WASHINGTON — U.S. House of Representatives members voted last week to increase funding for vaccine research, a measure driven by the recent measles outbreak in the country. Alabama’s members in the House split their votes on the issue, but not along party lines. Three voted to increase spending while four voted against the majority to leave funding as it is.
Members of Congress also took on a number of controversial issues, including reporting deaths of migrant children, using fetal tissue samples in research and selling arms to Bahrain.
See how area members of Congress voted on major issues during the legislative week ending June 14.
The Birmingham-Hoover MSA grew by just 2,116 people in 2017-2018. The area ranked 251th out of 383 MSAs in terms of population growth rate, according to an analysis of census data conducted by the Public Research Council of Alabama.
The Huntsville MSA led the state in percentage of population growth, ranking it 64th in the country. It added 6,952 people to its ranks in the period.
Other large metros in the state fell below Birmingham-Hoover in terms of growth, with Mobile ranked 324th and Montgomery 327th. However, those two areas lost population in 2017-2018, as did some other metro areas in the U.S. Read more.
Woodfin Calls on Birmingham Council to Rezone Land in the Five Points West Area to Block a Planned Concrete Plant
Birmingham Mayor Randall Woodfin said Tuesday that he opposes the proposed relocation of a concrete plant from downtown to the city’s Five Points West community, and he called for the City Council to rezone the property in question to prevent future industrial use.
Last week, the council voted to oppose Sherman Industries’ announced plans to move its concrete batch facility from its current address of 1100 Second Ave. S. to 3240 Fayette Avenue, near the Birmingham CrossPlex Village. Read more.
Birmingham Council Passes Healthy Food Initiative to Offer Incentives to Bring in New Grocery Stores
The Birmingham City Council voted Tuesday to approve allocating $500,000 to a new “Healthy Food Initiative,” which officials said would give incentivizes for new grocery stores to move into the city.
The creation of that fund is separate from the pending Healthy Food Ordinance, which is aimed at increasing healthy food options in the city’s food deserts through measures such as limiting the expansion of dollar stores and loosening restrictions on grocers and farmers’ markets.
The two changes would work together to attract new grocery stores to the area, said Josh Carpenter, the city’s director of innovation and economic opportunity. Read more.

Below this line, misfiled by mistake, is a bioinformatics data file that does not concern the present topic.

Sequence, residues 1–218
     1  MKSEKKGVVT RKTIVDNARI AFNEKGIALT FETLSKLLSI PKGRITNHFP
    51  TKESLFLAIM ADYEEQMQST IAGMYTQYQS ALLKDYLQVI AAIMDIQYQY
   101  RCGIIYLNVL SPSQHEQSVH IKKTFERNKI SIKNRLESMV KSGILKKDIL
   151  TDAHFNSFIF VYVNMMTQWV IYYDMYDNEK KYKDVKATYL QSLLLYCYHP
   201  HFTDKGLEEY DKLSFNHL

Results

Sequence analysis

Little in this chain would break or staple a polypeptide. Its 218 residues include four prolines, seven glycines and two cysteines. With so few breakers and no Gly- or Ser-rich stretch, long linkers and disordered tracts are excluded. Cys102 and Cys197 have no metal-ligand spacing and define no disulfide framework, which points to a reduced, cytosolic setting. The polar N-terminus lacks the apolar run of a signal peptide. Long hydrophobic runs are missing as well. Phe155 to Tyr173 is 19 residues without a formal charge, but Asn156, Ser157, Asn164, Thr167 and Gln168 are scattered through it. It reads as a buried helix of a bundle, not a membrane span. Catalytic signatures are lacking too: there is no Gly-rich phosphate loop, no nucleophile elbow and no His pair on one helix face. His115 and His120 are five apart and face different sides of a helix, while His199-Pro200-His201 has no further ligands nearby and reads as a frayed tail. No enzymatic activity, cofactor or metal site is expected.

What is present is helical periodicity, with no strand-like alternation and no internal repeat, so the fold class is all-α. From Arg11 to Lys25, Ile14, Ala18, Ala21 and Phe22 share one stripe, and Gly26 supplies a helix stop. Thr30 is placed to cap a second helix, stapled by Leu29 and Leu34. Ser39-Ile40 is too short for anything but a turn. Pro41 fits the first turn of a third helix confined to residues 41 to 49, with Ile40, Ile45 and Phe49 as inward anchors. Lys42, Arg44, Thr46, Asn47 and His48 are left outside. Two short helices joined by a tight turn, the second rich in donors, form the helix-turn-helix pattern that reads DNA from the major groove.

Updated — Wayne Wooley’s question cut to the heart of the Sewer Town Hall gathering Monday night at Regions Field.
“What did I do? What did my church do to deserve all this?” the 72-year-old Crestwood South resident asked. “Tell me why you’re putting all this burden on us? I’m on a fixed income. That’s to me illegal.”
Two and a half hours proved not to be long enough for the event, sponsored by County Commissioner Lashunda Scales.
More than 400 people attended the meeting, asking questions and listening to answers from Jefferson County officials about rising sewer rates that have left many ratepayers, including those on fixed incomes, questioning how they will shoulder the costs.
Reviews were mixed as people left the ballpark. Some were happy to have had an opportunity to ask questions and to have their voices heard. Many were displeased with responses.
BirminghamWatch’s Hank Black was inducted into the Wall of Fame for the University of Alabama’s Office of Student Media during an event April 26.
Black, who covers the environment for BW, was honored for his role as editor in chief of the Crimson White during one of the most turbulent years in the university’s history. Black was editor in 1963, when Vivian Malone and James Hood became the first two black students to successfully enroll at UA, following Gov. George Wallace’s infamous “Stand in the Schoolhouse Door.” Read more.
BirminghamWatch’s Solomon Crenshaw Jr. recently won a first place award from Alabama Media Professionals for his story “Jefferson County’s ‘Blue Wave:’ How the First Black Sheriff and District Attorney Won Election,” which he co-wrote with Virginia MacDonald, another writer for BirminghamWatch. Read more.
The Public Affairs Research Council of Alabama in a new survey said Alabamians favor supervising non-violent criminals in the community and giving them more rehabilitation opportunities rather than sending them to prison.